with three strided convolutional layers. Once pre-trained,

is used as initialization for our Generator . The training is similar to the previous section except now sentiment class labels are passed to , and class-dependent statistics of BERT features are used, as described in 2.2.

Model Accu. Class BLEU3 Self-BLEU3
Baseline - - 0.415 0.509
Conditional 0.746 0 0.473 0.498
Noise+BN 1 0.413 0.472
Cond. BN 0.745 0 0.423 0.473
1 0.395 0.505
Cond. Noise 0.495 0 0.413 0.458
1 0.412 0.470
Table 2: Comparison between Sentiment-dependent and class-agnostic (unconditional) SeqGFMN models.

Tab. 2 presents results for our regular model (baseline) and the three conditional generators: Cond. Noise, Cond. Batch Normalization (BN), Cond. Noise+BN. We use 10K generated sentences for each sentiment class to compute classification accuracy. In terms of accuracy and BLEU-3 score, the Cond. Noise+BN model provides the best generator as it is able to capture and leverage the class information.

Unsupervised Text Style Transfer (UTST): In Table 3, we report BLEU and accuracy scores for SeqGFMN and six baselines: BackTranslation Prabhumoye et al. (2018), which uses back-transfer loss; CrossAligned Shen et al. (2017), MultiDecoder Fu et al. (2018), and StyleEmbedding Fu et al. (2018), which use adversarial loss; and TemplateBased Li et al. (2018) and Del-Retrieval Li et al. (2018), which uses rule-based methods. The BLEU score is computed between the transferred sentences and the human-annotated transferred references, similar to Li et al. (2018). And, the accuracy is based on our pre-trained classifier. Compared to the other models, SeqGFMN produces the best balance between BLEU and accuracy. Additionally, if we use back-transfer loss together with feature matching loss (SeqGFMN + BT) our model gets a significant improvement on both metrics.

Model BLEU Accuracy
BackTranslation 2.5 95.7
CrossAligned 9.1 74.1
MultiDecoder 14.6 50.1
StyleEmbedding 21.1 9.2
TemplateBased 22.6 81.1
Del-Retrieval 16.0 88.2
SeqGFMN 23.7 92.9
SeqGFMN + BT 24.5 96.4
Table 3: Comparison between SeqGFMN and other models for unsupervised text style transfer.

5 Conclusion

We presented new implicit generative models based on feature matching loss that are suitable for unconditional and conditional text generation. Our results demonstrated that backpropagating through discrete data is not an issue for the training via matching distributions at the token level. SeqGFMN can be trained from scratch without the need for RL or Gumbel Softmax. This approach has allowed us to create effective models for unconditional generation, class-conditional generation, and unsupervised text style transfer. We believe this work opens a new competitive avenue in the area of implicit generative models for sequential data.

References

Appendices

Model COCO
SeqGFMN a 747 aircraft plane flying on a runway .
a kitchen with a kitchen sink and a microwave on the counters .
a bike flag showcasing a person sitting near a street sign .
a bathroom with a toilet on the counter .
RelGAN fry up on a nuts cargo black tonic rocks kept cruising basket adorable graveyard .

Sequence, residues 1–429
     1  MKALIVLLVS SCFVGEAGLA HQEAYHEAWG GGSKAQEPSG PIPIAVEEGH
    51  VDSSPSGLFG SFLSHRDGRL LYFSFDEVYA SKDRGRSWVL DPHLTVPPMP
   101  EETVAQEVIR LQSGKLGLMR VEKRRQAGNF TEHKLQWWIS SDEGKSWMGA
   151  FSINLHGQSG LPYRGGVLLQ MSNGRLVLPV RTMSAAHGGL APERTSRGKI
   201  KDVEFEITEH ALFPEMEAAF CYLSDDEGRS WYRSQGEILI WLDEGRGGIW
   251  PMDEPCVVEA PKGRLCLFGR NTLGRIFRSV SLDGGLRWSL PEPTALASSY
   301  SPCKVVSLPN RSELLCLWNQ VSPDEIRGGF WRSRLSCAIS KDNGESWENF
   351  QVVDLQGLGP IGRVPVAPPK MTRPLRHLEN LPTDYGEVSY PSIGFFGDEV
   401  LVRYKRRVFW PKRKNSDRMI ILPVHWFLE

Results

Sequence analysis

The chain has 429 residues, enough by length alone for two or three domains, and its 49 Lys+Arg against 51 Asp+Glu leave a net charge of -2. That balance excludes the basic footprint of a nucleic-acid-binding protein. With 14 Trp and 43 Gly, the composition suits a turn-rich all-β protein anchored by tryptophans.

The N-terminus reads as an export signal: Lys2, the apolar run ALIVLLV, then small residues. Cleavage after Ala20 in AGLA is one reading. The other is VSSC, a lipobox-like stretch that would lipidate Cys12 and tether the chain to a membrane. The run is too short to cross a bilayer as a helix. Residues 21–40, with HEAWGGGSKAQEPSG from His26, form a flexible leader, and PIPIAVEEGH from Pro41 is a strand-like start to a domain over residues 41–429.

border itl washer table a an green with bmw suit heater down . his pushed
docked sofas wave messy nursing , triple black school a continue plane siking bbq pickup .
quadruple several lots a loft buckets vines a bullhorn the appliances sidewalk sidewalk . uniforms
Model WMT News
SeqGFMN the ban did nothing but say voters were illegally investing their time at college and to take on your calls at
[CONT.] court , ” ross . announced .
in addition , 32 typical economies in this period are reportedly pledged to have trillion pledged in another
[CONT.] time , typically , tens to millions in million in feed .
RelGAN should should children about about about states .
inquiry matthew his s a about am . .
appeal only over a ve about found .
Table 4: Randomly sampled sentences from generators trained from scratch on COCO and WMT News datasets.
Positive Sentiment generated Negative Sentiment generated from
full of good food everything is bad food
love this place avoid this place
good job horrible !
just perfect because my entire menu was fabulous completely upset with the salon
everything is good ! disgusting
the service staff is extremely welcoming - and my mom loved it the salon itself is very poor , and my mom admitted it
Table 5: Sentences generated using conditional SeqGFMN trained on Yelp Reviews dataset.
Positive Sentiment (Original) Negative Sentiment (Transferred)
place was clean and well kept , drinks were reasonably priced . place was dirty and drinks were expensive and watered down . (GT)
place was dirty and horribly kept , drinks were horribly priced . (SeqGFMN)
food is very fresh and amazing ! food was old and stale . (GT)
food was ridiculous , too . (SeqGFMN)
this place reminds me of home ! this place reminds me why i want to go home . (GT)
this jerk reminds me of trash . (SeqGFMN)

Negative Sentiment (Original)
Positive Sentiment (Transferred)
the decor was seriously lacking . the decor was nice . (GT)
the decor was superb . (SeqGFMN)
now the food : not horrible , but below average . now the food : not bad , above average . (GT)
now the food is fantastic ! (SeqGFMN)
i wish i could give less than one star . i wish there were more stars to give . (GT)
i love getting them ! (SeqGFMN)
Table 6: Examples of sentiment transferred texts using SeqGFMN. (GT) = ground truth produced by a human.
COCO
a group of people sleeps in the street
a group of people standing in the street
a toy of people warming a street sidewalk
an automobile car lies on an short parking road